You’re not making the most of view types if the only plan-based Revit view type in your project is called “Floor Plan.” 

At Ideate Software, we study many different Revit models and have noticed that many people don’t always use view types to organize their model. What’s the benefit? With Floor Plans, for example, you can create as many types as you wish to group them together in a logical manner. Additional types allow you to apply a specific view template that is set when a new view is created and can also make that view dependent on the template.

View Types
With these view types, you can set your project browser to use them for organization. Set your Grouping to use ‘Family and Type’ or ‘Type.’ This eliminates the need to create extra parameters and manage them for use in the Project Browser.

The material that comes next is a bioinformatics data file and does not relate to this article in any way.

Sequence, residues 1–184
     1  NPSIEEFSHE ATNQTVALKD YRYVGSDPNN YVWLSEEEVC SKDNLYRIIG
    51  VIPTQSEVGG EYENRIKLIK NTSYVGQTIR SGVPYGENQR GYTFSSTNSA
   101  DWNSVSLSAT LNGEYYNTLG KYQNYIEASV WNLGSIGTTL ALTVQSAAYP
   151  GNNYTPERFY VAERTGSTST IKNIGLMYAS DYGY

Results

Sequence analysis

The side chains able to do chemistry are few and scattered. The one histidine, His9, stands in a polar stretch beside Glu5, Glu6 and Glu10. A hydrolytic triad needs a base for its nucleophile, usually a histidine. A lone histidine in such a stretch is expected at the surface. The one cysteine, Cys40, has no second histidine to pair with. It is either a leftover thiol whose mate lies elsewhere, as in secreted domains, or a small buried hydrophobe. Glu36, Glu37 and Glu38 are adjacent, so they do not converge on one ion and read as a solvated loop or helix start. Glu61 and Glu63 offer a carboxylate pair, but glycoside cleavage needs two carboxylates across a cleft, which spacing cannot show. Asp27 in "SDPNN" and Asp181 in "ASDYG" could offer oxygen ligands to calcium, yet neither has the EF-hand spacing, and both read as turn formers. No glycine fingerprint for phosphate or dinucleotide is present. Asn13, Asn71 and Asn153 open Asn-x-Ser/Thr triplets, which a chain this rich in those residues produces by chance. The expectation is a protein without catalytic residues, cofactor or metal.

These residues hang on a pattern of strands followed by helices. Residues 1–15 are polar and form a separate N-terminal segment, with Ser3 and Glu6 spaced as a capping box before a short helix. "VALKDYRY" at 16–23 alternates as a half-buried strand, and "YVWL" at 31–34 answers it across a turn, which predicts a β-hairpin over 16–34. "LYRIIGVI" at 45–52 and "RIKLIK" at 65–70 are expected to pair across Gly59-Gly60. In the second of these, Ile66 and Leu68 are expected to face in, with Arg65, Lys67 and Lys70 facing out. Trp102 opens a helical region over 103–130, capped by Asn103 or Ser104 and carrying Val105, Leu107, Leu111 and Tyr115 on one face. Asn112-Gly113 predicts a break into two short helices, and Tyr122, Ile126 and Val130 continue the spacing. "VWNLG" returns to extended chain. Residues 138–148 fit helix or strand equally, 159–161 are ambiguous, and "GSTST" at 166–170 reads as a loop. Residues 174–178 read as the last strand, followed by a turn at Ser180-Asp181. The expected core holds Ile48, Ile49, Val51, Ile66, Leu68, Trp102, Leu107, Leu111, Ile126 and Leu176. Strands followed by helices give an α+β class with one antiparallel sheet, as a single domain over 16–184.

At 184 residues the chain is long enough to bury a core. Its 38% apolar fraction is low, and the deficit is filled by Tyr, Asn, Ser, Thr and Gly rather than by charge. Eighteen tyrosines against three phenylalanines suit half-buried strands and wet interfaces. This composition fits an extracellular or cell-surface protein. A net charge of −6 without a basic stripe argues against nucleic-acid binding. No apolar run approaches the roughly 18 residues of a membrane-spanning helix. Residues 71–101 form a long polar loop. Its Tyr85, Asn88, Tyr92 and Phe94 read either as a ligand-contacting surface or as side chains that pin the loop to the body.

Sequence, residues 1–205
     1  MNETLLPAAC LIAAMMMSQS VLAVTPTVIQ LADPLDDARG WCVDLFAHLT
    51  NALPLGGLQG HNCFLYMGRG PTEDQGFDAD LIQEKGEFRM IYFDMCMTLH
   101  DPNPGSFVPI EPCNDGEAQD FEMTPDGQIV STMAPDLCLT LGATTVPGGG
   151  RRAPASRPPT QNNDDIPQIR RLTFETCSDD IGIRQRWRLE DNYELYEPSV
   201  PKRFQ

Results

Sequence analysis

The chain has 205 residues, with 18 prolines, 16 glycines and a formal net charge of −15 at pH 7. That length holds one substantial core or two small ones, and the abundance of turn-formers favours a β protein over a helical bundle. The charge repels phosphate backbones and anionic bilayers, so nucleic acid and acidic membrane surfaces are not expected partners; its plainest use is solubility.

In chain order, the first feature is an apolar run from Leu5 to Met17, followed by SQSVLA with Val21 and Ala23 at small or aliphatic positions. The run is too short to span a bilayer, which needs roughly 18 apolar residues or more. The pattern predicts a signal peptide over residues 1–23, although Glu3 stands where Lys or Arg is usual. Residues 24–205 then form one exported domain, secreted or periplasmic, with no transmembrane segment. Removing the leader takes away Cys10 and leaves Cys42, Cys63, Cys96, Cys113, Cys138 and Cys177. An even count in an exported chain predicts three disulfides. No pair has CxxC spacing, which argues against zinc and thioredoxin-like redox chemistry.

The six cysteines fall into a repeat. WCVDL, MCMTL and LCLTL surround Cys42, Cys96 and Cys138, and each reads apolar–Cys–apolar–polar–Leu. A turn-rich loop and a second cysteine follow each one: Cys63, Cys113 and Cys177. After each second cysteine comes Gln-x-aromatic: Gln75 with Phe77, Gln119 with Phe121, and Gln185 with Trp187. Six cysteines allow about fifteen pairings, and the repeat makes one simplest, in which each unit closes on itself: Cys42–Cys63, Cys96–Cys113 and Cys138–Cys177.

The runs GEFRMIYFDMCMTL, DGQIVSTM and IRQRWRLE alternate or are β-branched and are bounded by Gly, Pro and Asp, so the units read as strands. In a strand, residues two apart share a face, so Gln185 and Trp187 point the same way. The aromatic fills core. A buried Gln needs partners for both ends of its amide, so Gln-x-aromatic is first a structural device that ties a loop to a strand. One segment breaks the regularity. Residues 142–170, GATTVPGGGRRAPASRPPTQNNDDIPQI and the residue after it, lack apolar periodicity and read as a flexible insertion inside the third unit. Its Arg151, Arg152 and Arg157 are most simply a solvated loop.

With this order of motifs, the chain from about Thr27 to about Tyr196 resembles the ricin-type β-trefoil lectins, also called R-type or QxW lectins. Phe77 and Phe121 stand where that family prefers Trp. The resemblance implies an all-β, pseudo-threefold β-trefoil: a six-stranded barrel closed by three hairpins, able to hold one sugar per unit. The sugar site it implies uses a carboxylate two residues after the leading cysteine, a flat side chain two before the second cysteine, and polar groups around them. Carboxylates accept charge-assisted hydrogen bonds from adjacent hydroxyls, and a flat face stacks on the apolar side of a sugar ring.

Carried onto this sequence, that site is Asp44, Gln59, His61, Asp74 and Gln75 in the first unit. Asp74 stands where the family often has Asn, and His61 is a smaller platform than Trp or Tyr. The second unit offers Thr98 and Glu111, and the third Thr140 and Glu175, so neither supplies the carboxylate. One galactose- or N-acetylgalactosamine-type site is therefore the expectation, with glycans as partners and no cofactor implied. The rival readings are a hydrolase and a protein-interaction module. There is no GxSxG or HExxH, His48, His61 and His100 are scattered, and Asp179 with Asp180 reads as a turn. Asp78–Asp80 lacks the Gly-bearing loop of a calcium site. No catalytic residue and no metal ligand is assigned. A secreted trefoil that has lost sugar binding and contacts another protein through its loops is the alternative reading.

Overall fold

We recommend that each view type have only one plan for each level. Duplicate plans on the same level and type can become confusing and should be designated as different types. Common plan view types are working plans, electrical plans, plumbing plans, enlarged floor plans, etc. And remember that this best practice also extends to other view types, such as building elevations, interior elevations, etc.

To get the most benefit when starting a new project, your firm’s project template should already be set up with standard view types and view templates to reduce the need to set them up each time. 

When you leverage view types to their fullest, you will find that you do not need to use parameters to manage your project browser – one less thing to manage!

About the Author

Michael Coffey – Software Developer
Michael has a Bachelor of Architecture from New Jersey Institute of Technology and is a registered architect in New York, LEED accredited and a Revit Architecture Certified Associate. Before joining Ideate Software, he spent nine years at Gensler. In his latest position there, Michael coded and implemented tools using the Revit API, documented and trained in BIM and Revit tools, and managed content and standards.